By October 17, 2006 2 Comments Read More →

Lean Sigma: What needs to happen first

By Tom Fletcher, Continuous Improvement Facilitator

Blog reader Tom submitted this for your discussion and comments:


Have you ever heard the term “chaos” in your organization? Well I hear it everyday. I have often thought of how to stabilize the chaos and make it a non-issue. As I often dwell on this subject I think of four keys that are needed for stabilization. They are:

  1. Leadership (a person who coaches, mentors, trains and grows the people who work for them)
  2. Organization (Materials, tools, jigs and work areas all in an organized manner)
  3. Adherence to standards (a standard is set and employees follow it to the tee without deviation)
  4. Discipline (if you drop it, pick it up) (putting items back where you got them from)

Now if we were to have these four elements in place, it is my belief that 75% of the problems that occur and cause the chaos would go away. Now with the chaos stabilized this should highlight the true problems that companies face on a daily basis and we would actually be able to use Lean and Six Sigma tools to eliminate them.


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Mark Graban's passion is creating a better, safer, more cost effective healthcare system for patients and better workplaces for all. Mark is a consultant, author, and speaker in the "Lean healthcare" methodology. He is author of the Shingo Award-winning books Lean Hospitals and Healthcare Kaizen, as well as The Executive Guide to Healthcare Kaizen. His most recent project is an eBook titled Practicing Lean that benefits the Louise H. Batz Patient Safety Foundation, where Mark is a board member. Mark is also the VP of Improvement & Innovation Services for the technology company KaiNexus.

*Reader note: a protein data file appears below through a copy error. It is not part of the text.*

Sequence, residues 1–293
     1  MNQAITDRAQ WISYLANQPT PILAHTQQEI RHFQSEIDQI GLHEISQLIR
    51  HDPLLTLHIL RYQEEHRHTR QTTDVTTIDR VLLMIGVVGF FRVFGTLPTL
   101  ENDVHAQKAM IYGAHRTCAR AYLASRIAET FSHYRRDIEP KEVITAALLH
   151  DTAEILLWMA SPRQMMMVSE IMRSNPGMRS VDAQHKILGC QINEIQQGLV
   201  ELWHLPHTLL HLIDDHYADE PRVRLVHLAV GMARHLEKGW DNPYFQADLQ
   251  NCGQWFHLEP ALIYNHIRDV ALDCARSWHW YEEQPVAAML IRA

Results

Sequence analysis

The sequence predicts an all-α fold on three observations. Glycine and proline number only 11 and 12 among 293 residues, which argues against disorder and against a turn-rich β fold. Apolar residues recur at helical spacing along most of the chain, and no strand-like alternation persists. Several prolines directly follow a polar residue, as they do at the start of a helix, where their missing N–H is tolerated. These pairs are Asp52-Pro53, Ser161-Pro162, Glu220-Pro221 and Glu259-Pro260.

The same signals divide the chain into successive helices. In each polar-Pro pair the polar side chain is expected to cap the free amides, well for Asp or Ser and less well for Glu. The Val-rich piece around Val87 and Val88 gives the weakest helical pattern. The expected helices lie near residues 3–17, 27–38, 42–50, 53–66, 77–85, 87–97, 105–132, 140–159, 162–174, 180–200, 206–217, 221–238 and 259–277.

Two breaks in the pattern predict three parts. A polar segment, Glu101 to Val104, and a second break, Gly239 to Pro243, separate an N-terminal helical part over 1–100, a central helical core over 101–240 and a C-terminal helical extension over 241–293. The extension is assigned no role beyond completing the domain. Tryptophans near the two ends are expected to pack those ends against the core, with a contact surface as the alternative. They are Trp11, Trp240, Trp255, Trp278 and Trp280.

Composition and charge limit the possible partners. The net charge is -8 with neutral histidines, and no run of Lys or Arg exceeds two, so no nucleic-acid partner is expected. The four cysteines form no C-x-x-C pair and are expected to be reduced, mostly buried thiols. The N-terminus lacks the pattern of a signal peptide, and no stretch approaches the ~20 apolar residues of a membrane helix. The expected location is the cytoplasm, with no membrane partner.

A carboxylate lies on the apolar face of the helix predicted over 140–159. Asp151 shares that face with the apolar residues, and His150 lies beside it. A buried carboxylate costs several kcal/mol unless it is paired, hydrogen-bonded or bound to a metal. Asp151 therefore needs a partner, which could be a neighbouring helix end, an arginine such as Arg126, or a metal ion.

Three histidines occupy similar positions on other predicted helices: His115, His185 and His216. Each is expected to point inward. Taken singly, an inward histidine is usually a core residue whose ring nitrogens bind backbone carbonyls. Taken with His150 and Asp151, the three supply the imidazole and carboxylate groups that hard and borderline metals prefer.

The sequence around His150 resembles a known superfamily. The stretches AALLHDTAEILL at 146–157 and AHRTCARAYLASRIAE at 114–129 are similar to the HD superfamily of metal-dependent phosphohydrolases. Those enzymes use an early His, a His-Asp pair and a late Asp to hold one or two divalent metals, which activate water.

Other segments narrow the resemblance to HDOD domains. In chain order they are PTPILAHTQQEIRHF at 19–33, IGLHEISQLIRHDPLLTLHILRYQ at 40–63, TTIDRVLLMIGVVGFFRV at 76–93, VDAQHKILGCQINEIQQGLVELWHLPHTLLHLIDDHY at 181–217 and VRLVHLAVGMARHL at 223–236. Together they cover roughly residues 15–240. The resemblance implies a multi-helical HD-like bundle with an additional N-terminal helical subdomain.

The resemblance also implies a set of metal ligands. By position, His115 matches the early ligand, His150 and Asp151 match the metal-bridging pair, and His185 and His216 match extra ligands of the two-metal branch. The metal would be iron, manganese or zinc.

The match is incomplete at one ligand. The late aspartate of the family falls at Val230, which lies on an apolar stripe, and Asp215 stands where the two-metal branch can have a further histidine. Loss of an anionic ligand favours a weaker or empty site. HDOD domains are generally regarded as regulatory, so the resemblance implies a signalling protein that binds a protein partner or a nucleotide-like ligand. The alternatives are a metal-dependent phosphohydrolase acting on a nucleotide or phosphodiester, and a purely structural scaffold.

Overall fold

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2 Comments on "Lean Sigma: What needs to happen first"

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  1. JWDT says:

    Good post Tom. I know from my own experience and my current employer that if we implemented 1,2 & 4 of your keys we would be in a position to begin #3. Eventually, we would work to using TPS/LEAN to eliminate the waste and Six Sigma to attack the long term problems.

    What do you think the root cause of “chaos” is?
    My guess revolves around cultural or personal comfort areas.

  2. Lean Fushion says:

    Thank you for your feedback! To answer your question in regards to the root cause of chaos, I believe that choas stems from the lack of any one of the elements not being in place. Without all of these elements in place, the processes become unstructured and inefficient which lends itself to a chaotic environment. All elements support each other in one way or another and help to create structure and balance within the processes.

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